Does the term Students with Disabilities include Gifted Students?
The National Association for Gifted Children writes,
Students who require modification(s) to their educational experience(s) to learn and realize their potential. Student with gifts and talents:
Come from all racial, ethnic, and cultural populations, as well as all economic strata.
Require sufficient access to appropriate learning opportunities to realize their potential.
Can have learning and processing disorders that require specialized intervention and accommodation.
Need support and guidance to develop socially and emotionally as well as in their areas of talent.
Students thought to have learning or emotional disabilities are referred for testing and as a result of the test an Individual Education Plan (IEP) determines placement in a “”least restrictive environment;” in the vast percentage of cases a period a day by a special education teacher or placed in an integrated classroom, a classroom with special and regular education children and two teachers, a regular education teacher and a special education teachers.
Why do “gifted” children require placement in a separate classroom? Shouldn’t they also be placed in a least restrictive environment?
BTW, how do we define “gifted” and identify gifted children?
The Association for Gifted Children lists a number of verbal and non verbal giftedness identification tests, Read here
The New York City Gifted and Talented program used two of the tests,
The G&T test is comprised of two equally weighted sections taken from two other gifted assessments: a verbal section from the Otis-Lennon School Ability Test – 8th Edition (OLSAT), and a nonverbal section from the Naglieri Nonverbal Ability Test- 2nd edition (NNAT).(See here). The test is given to four year olds, it takes about an hour and is comprised of about 70 questions, and the test administrator may not repeat questions to the test taker.
Know any four year olds who can sit for an hour with a total stranger and answer seventy questions?
The definition of gifted is controversial, the traditional use of IQ type tests have increasingly been questioned.
Robert Sternberg’s Triarchic Theory of Intelligence rejects the intelligence tests typically used to measure “academic intelligence”. (Read here)
Sternberg argues that practical intelligence—a person’s ability to react and adapt to the world around them—as well as creativity are equally important when measuring an individual’s overall intelligence. He also argues that intelligence isn’t fixed, but rather comprises a set of abilities that can be developed.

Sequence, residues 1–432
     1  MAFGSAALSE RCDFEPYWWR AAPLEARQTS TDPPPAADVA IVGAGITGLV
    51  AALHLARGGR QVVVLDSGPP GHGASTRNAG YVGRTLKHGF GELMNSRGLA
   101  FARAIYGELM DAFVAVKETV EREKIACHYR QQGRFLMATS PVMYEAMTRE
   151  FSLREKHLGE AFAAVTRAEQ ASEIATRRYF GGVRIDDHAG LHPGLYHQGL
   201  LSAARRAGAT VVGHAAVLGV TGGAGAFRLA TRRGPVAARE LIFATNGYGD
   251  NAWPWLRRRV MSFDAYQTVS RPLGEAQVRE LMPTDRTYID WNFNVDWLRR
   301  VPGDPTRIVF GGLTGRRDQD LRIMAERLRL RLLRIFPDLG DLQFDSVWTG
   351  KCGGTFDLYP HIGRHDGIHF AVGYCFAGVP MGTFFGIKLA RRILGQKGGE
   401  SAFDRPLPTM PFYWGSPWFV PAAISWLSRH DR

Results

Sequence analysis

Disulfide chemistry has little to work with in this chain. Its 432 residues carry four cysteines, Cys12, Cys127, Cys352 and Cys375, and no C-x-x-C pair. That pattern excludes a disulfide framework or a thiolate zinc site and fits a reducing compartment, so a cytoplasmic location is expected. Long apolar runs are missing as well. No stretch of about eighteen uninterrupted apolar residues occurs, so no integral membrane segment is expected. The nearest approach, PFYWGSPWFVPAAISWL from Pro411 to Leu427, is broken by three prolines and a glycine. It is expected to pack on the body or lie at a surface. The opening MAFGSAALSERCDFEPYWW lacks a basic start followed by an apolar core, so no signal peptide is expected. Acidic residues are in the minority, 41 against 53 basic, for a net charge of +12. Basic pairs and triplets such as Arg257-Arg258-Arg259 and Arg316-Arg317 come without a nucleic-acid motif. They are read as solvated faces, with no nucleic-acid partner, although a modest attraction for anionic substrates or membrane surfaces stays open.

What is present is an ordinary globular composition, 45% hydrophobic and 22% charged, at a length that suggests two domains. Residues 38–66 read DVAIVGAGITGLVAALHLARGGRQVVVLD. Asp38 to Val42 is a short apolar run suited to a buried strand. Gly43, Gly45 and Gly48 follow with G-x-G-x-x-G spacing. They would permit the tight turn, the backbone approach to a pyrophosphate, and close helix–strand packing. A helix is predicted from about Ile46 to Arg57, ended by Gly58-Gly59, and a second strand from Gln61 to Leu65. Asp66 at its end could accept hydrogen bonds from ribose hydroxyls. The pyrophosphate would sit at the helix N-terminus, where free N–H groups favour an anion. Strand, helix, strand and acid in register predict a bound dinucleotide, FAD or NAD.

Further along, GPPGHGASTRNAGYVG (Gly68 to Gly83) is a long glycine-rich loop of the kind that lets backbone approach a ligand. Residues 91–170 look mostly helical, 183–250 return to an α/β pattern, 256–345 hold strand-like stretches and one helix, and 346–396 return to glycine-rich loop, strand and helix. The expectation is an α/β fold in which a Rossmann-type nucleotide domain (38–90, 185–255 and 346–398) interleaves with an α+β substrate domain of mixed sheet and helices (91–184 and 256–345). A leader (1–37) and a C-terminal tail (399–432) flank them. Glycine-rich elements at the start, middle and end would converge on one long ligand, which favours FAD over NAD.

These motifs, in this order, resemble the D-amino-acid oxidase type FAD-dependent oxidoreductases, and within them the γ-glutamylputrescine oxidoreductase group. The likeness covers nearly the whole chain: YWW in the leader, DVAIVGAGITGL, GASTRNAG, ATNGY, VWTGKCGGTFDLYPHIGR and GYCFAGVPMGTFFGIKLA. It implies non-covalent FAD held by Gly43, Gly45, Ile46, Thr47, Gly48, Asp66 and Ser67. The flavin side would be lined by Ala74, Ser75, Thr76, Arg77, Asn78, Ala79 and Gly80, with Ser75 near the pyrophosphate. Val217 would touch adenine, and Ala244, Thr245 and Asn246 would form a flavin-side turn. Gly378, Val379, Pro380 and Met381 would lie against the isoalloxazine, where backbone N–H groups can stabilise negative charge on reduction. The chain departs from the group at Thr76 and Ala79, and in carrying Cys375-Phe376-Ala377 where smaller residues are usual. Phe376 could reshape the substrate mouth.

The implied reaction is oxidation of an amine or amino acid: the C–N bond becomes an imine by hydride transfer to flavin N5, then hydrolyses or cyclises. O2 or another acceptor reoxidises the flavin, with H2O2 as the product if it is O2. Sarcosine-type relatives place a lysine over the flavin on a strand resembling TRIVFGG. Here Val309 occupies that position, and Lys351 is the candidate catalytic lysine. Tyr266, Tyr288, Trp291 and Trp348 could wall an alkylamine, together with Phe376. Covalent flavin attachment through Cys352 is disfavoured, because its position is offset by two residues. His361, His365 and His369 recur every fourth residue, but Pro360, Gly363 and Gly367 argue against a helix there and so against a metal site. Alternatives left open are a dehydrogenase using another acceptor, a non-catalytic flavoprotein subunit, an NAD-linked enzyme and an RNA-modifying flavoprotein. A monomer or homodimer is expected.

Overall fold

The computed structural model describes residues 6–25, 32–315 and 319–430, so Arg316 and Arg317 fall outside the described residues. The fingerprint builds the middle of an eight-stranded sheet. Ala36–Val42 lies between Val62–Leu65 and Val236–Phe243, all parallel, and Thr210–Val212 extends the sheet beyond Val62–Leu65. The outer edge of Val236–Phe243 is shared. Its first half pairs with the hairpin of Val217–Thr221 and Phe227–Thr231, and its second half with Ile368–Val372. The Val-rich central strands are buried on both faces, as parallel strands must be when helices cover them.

Joseph Renzulli has been the most persistent critic of the traditional approach, test the student with an IQ type test and place the student in “gifted” class. Renzulli describes his views on an excellent youtube here and read Renzulli’s article that was originally trashed and is now required reading here.
Aside from a definition of gifted that is far more inclusive than the traditional tests Renzulli created a School wide Enrichment Model – providing an appropriate learning environment for gifted children within school classrooms setting, not in separate classrooms. Read description of the School wide Enrichment Model here.
Gifted classes have existed in New York City for decades, many, many decades, called IGC, Intellectually Gifted Classes, the selection was 3rd grade scores on reading/math tests, yes, testing has a long history. Under decentralization (1970-2002) the decision was at the district level by the elected school board. Some districts abandoned IGC classes, others clustered the children in a single school and others designed their own models.
Under mayoral control (2003 – ) Mayor Bloomberg centralized the Gifted and Talented program using testing described above, the students selected were overwhelmingly White and Asian in a school system that is overwhelmingly Black and Latinx; one might argue Bloomberg was appealing to White more affluent and Asian voters, or worse.
His successor, Mayor de Blasio was critical of the sharp racial disparities in the elite high schools (Stuyvesant, Bronx HS of Science and Brooklyn Tech) and introduced legislation in Albany to change admission procedures, without success, one could argue his attempts were tepid. The School Diversity Advisory Group, a fifty member blue ribbon team eventually (February, 2019) issued a lengthy report (Making the Grade: The Path to Real Integration and Equity for NYC Public School Students – Read here) that punted the question of Gifted & Talented classes
Between now and the end of the school year (June, 2019) , SDAG will continue to meet to explore further recommendations based on community input and engagement, and continued analysis and research. We commit to releasing a subsequent report with additional recommendations on school screens, gifted & talented programs, and school resources by the end of this school year.
The Department finally released plans,
As announced by the Mayor, the Department of Education will eliminate the Gifted & Talented (G&T) test and phase out the current G&T model. In its place, we will launch “Brilliant NYC,” a blueprint for accelerated learning for all elementary students in New York City.
The blueprint sounds like an iteration of the Renzulli Schoolwide Enrichment Model
Of course on November 2nd we’ll have a new mayor followed by a new chancellor, (The current chancellor, Meisha Porter is serving in an interim role).
Soon to be Mayor Eric Adams, in his recent debate, supported Gifted & Talented education, whether he supports the Bloomberg program, “Brilliant NYC” or something else, only time will tell.
Adams describes himself as a “pragmatic moderate,” a lengthy NY Times essay entitled “What Kind of Mayor Will Eric Adams Be? No One Seems to Know” explores, we’ll begin to find out in a few months…..
BTW, Occupy Wall Street was ten years ago …. https://www.youtube.com/watch?v=Gh36PkhmN4